AdvisorMorris, Richard J.
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PublisherThe University of Arizona.
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AbstractThis study assessed the number of fears, intensity of fears, type of fears and anxieties, and most common fears in children having a disability. In addition, the correlation level between different raters in the assessment of student fears and related anxieties were examined. Data were collected from public schools and evaluated using Multivariate Analysis of Variance, Analysis of Variance, slice effect test, frequency analysis, and Pearson Product Moment Correlation. Findings from the present study indicated that students with learning disabilities (LD) reported significantly higher total fear score and higher levels of fear in the two factors of the Fear Survey Schedule for Children-Revised (FSSC-R): fear of failure and criticism and fear of danger and death. In addition, the LD group reported significantly higher overall anxiety level and higher levels of anxiety in all the three subscale scores of Revised Children's Manifest Anxiety Scale (RCMAS). Results showed that girls reported significantly higher scores than did boys in total fear score, intensity of fears, and two factors of FSSC-R--fear of unknown and fear of injury and small animals. Furthermore, girls in the LD group reported higher total fear score, intensity of fears, and higher levels of fear in all the five factors of FSSC-R than their male counterparts in the same group. On the other hand, girls in the mild mental retardation (MIMR) group reported lower scores in these measures than did their boy counterparts in the same group. Regarding age differences, older students reported significantly higher scores in the fear of failure and criticism. In addition, older students in the MIMR group reported higher levels of total fear score, intensity of fears, fear of the unknown, fear of danger and death, and fear of failure and criticism than their younger counterparts. The 10 most common fears yielded from the Fear Survey Schedule for Children-Revised were mostly in the fear of danger and death factor. The results showed that there were low but significant correlations between child self report and teacher report of the child on most dependent measures examined in the present study.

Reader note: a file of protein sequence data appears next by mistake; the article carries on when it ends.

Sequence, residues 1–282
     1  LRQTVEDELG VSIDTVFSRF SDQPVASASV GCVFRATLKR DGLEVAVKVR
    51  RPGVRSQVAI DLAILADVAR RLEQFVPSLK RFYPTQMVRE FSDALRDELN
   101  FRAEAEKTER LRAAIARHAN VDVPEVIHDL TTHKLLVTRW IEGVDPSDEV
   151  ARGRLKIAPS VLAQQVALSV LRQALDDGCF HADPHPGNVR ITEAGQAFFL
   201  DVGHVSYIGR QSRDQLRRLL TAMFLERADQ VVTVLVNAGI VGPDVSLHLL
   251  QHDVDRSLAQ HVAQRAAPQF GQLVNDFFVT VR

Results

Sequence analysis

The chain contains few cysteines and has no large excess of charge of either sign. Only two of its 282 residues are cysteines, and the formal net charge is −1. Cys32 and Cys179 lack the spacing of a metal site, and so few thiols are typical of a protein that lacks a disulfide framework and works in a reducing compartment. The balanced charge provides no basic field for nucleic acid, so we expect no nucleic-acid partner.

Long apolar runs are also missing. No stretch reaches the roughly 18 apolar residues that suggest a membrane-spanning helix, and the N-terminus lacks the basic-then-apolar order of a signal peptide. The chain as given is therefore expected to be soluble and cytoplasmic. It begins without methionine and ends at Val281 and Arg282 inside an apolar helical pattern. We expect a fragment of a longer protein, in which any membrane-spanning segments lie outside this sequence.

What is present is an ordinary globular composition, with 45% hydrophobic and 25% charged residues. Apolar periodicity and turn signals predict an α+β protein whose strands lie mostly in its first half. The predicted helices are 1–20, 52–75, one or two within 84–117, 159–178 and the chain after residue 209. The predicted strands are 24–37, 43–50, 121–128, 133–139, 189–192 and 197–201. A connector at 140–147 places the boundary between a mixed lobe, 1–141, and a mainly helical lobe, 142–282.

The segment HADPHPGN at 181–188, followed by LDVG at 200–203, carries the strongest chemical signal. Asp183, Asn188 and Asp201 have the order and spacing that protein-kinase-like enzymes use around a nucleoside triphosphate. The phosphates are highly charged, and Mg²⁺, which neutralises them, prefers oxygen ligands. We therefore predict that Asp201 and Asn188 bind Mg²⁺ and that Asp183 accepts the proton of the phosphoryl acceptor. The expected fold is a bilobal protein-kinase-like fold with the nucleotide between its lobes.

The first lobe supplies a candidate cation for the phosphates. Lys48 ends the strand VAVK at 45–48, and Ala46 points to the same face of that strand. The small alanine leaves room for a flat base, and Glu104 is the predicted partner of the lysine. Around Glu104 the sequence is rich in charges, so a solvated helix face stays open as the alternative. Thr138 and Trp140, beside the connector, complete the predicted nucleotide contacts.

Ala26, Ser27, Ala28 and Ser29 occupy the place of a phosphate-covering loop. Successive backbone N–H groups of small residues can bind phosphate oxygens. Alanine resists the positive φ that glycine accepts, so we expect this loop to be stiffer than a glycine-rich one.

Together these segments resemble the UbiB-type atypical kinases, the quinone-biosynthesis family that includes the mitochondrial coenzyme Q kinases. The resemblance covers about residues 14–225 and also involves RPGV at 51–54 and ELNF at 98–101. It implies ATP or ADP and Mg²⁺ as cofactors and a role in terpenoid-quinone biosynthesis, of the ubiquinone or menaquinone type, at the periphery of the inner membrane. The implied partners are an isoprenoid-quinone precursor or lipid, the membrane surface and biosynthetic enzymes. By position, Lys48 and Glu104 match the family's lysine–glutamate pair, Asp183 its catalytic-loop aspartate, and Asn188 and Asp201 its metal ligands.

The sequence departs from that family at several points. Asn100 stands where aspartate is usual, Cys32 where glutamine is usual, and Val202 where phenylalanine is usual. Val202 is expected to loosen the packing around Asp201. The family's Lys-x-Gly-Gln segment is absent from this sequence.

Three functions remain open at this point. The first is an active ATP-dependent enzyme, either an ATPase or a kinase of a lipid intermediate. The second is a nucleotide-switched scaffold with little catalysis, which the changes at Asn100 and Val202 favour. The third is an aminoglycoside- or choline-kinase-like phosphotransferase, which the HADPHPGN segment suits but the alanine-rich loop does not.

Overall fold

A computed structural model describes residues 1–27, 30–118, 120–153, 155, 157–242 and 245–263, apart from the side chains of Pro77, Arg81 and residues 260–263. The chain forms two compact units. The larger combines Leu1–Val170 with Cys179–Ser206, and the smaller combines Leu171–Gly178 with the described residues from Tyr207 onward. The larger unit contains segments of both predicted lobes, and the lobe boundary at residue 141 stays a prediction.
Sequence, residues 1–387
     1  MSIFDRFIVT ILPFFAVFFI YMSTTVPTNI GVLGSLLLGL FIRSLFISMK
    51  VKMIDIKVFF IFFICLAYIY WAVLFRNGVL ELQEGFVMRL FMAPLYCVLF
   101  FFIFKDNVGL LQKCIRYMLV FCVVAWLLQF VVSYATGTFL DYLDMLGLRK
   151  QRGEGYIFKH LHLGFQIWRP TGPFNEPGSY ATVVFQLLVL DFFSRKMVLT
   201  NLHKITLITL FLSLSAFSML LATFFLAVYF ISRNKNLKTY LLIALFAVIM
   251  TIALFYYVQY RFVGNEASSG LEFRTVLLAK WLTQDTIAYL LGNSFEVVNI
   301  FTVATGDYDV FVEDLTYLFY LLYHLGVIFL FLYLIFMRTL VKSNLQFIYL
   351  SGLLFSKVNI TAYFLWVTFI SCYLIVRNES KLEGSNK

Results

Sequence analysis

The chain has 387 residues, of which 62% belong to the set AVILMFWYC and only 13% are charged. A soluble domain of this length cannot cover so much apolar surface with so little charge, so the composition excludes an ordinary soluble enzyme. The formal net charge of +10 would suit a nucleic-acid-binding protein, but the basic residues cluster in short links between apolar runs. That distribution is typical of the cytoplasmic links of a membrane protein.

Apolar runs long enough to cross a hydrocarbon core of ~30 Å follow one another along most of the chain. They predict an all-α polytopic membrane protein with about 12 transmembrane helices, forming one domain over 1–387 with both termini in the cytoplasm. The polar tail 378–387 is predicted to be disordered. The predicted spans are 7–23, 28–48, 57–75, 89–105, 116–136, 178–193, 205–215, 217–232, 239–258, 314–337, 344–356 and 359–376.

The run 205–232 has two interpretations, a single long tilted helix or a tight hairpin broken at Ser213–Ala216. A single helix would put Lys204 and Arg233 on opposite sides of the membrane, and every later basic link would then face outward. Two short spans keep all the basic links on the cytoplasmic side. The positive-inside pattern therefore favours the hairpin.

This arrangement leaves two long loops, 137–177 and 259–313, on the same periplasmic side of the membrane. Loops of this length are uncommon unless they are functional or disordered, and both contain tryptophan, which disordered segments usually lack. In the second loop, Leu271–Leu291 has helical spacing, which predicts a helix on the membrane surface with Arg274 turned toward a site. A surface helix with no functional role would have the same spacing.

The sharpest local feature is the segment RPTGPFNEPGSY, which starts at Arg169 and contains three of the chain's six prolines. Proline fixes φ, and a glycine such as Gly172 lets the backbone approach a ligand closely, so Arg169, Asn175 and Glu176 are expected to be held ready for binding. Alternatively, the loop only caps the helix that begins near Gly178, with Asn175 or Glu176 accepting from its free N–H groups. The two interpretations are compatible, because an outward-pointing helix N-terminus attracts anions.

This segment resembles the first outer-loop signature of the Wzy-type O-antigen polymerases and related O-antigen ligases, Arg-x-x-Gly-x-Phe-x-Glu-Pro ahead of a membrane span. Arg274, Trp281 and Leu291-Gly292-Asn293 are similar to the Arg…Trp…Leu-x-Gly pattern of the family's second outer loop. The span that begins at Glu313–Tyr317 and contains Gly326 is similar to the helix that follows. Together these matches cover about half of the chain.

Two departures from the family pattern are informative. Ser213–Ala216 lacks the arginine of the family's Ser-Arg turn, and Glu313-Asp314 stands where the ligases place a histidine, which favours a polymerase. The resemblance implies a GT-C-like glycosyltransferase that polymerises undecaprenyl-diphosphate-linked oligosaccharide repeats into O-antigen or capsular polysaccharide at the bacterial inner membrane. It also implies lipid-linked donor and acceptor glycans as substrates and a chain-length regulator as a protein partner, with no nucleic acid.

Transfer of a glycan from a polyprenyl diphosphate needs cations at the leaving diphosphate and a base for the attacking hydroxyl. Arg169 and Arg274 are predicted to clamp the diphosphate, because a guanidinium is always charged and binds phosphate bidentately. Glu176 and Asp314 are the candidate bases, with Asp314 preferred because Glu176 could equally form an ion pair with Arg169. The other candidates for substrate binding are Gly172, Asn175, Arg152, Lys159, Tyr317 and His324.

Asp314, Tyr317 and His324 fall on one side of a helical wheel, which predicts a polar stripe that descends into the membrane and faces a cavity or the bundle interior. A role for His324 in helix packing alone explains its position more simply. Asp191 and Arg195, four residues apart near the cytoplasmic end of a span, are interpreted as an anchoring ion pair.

Degree ProgramGraduate College
Special Education, Rehabilitation and School Psychology